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Can you get MM growl from soapbars?

Discussion in 'Pickups & Electronics [BG]' started by metalbass101, Nov 22, 2004.

  1. metalbass101


    Jan 24, 2004
    You know what I'm talking about. That Leo fender P/MM pup snarl. That beefy powerful low end with the deep growly aggressive in your face bite? Anyway? Like a graphic eq teaking or something?
  2. Thor

    Thor Moderator Staff Member Gold Supporting Member

    Gold Dial Soapbars usually make me growl ...

    Forgive me paul, I think it is the Blue Water ...
  3. luknfur


    Jan 14, 2004

    As David Wilson has commented on numerous occassions, soapbar just referes to the shape so can be any pup type within - singles, HB, whatever. Aside from knowing what's inside one, another problem with soaps unlike J's and MM's is they come in a myriad of shapes - so it may as well be a P pup as a different shape soap. In all probability what you're looking for is available in a soapbar. Finding it in one that fits your routing is likely to be a problem.

    I have a pair of soaps from an Epiphone Thunderbird that are along the lines of what you described - they're single coils in my recollection. Checked, they're HB's.
  4. David Wilson

    David Wilson Administrator Staff Member Administrator Supporting Member

    Oct 14, 2002
    Lower Westchester, NY
    Yup, Bart and EMG both make soapbars with various coil configs.
    Think of an 'MM' pup as a soapbar pickup with two humbucking coils in parallel under the covers.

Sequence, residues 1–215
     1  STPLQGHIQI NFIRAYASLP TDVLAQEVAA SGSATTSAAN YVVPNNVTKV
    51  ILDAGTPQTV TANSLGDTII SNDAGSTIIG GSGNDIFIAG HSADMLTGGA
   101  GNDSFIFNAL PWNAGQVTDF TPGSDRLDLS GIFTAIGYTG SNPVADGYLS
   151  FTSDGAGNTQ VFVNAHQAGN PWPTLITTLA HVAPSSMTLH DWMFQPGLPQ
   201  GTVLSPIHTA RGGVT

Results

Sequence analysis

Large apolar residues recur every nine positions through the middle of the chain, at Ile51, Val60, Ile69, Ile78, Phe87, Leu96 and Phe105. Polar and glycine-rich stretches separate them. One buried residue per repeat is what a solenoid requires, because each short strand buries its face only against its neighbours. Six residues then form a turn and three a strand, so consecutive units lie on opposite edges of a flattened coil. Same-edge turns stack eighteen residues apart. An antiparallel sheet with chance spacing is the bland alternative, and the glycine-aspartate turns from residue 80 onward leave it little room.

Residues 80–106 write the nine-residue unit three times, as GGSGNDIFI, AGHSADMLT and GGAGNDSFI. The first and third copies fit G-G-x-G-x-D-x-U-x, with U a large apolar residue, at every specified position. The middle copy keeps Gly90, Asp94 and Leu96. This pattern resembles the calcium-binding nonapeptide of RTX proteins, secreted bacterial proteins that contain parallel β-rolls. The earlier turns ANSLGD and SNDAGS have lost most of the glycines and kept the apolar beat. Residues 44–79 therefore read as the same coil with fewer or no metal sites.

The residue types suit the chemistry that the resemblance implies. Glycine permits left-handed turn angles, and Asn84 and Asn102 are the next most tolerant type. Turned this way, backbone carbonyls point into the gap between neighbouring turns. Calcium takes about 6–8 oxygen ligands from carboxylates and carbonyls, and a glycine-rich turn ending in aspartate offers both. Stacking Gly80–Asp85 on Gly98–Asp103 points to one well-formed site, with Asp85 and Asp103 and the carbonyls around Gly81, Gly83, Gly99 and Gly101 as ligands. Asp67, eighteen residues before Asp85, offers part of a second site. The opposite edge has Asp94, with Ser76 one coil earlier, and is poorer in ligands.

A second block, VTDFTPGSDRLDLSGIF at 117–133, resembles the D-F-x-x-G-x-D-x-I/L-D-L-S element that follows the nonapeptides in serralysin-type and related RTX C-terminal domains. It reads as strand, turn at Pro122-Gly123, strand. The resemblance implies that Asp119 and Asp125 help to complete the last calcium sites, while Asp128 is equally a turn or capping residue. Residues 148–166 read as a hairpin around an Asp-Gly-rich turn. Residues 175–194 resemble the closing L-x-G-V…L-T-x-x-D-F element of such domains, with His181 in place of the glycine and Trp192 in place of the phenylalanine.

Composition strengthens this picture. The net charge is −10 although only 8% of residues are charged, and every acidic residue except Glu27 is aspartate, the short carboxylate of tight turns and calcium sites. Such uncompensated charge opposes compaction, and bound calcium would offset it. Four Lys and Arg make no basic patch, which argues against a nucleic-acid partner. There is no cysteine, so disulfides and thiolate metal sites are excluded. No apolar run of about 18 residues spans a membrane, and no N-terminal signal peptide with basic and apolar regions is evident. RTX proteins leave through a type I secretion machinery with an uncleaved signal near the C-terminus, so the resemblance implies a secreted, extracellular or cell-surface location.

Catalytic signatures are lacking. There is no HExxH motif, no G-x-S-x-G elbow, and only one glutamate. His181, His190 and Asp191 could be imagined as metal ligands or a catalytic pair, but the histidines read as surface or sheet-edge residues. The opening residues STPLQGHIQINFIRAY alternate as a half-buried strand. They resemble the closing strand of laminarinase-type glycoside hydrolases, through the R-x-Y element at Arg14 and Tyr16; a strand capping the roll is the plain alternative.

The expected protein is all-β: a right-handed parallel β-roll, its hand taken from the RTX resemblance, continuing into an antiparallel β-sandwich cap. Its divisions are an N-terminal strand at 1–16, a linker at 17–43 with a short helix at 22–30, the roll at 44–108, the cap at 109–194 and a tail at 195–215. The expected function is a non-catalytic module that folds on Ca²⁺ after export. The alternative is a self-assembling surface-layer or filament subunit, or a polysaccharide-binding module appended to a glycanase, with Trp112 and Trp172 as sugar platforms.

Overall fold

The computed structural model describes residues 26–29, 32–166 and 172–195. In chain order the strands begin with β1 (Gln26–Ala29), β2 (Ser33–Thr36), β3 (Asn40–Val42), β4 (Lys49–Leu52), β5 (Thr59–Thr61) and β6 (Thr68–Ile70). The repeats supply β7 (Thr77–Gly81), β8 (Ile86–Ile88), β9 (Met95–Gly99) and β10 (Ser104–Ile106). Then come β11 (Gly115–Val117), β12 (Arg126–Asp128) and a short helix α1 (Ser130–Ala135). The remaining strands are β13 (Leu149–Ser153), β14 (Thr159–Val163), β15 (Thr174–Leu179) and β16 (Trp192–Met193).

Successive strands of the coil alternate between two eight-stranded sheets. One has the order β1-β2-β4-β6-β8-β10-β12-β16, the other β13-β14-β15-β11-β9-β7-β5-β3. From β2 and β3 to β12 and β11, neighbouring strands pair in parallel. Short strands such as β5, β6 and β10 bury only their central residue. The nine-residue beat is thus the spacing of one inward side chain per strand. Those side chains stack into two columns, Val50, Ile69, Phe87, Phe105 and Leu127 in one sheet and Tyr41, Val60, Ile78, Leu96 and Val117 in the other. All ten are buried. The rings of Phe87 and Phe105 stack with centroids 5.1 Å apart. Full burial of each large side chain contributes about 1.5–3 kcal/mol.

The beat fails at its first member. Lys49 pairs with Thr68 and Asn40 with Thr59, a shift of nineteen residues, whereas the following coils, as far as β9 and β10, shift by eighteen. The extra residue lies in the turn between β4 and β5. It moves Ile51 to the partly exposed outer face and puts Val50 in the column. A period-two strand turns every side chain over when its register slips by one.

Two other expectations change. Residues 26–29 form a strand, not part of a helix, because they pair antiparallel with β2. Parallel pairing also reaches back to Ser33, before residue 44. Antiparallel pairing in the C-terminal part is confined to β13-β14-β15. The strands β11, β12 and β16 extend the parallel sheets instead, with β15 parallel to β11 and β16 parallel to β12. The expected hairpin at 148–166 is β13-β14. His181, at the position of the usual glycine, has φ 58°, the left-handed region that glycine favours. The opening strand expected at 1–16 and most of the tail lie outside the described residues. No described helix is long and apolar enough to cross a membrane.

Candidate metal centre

5. JPJ


    Apr 21, 2001
    Chicago, IL
    The key to the MM sound is the way that the pickup is wound (humbucker), how it is wired, the number of windings that it has, and it's two rows of oversized magnets. Granted, you could say the same things for just about every pickup out there, but the MM's double row of oversized magnets tends to set it apart from most other pickups. If you have a soapbar that meets these criteria, then you're probably going to be pretty close to the MM sound in a soapbar package. However, if you're talking about a stacked coil soapbar with conventionally sized magnets and is wound as a low-impedence pickup, then you will probably be disappointed that you're not as close to the MM sound as you would otherwise like to be. The size and shape of the pickup aren't necessarily all that important. The key to tone often comes down to what is actually inside the pickup cover itself. ;)
  6. That description also sounds like the MFD pickups found on G&L basses...

  7. luknfur


    Jan 14, 2004

    reminded by this thread, I dug the TBirds out and dropped them in a bass and played them tonight. Noticeably thin upper mids and top but punchy bottom with narly snarl all around yet flexible enough tonaly for them to be tune friendly to a broad range of musical styles. I'm going to leave them in place of the Antiquity II's they replaced for a bit.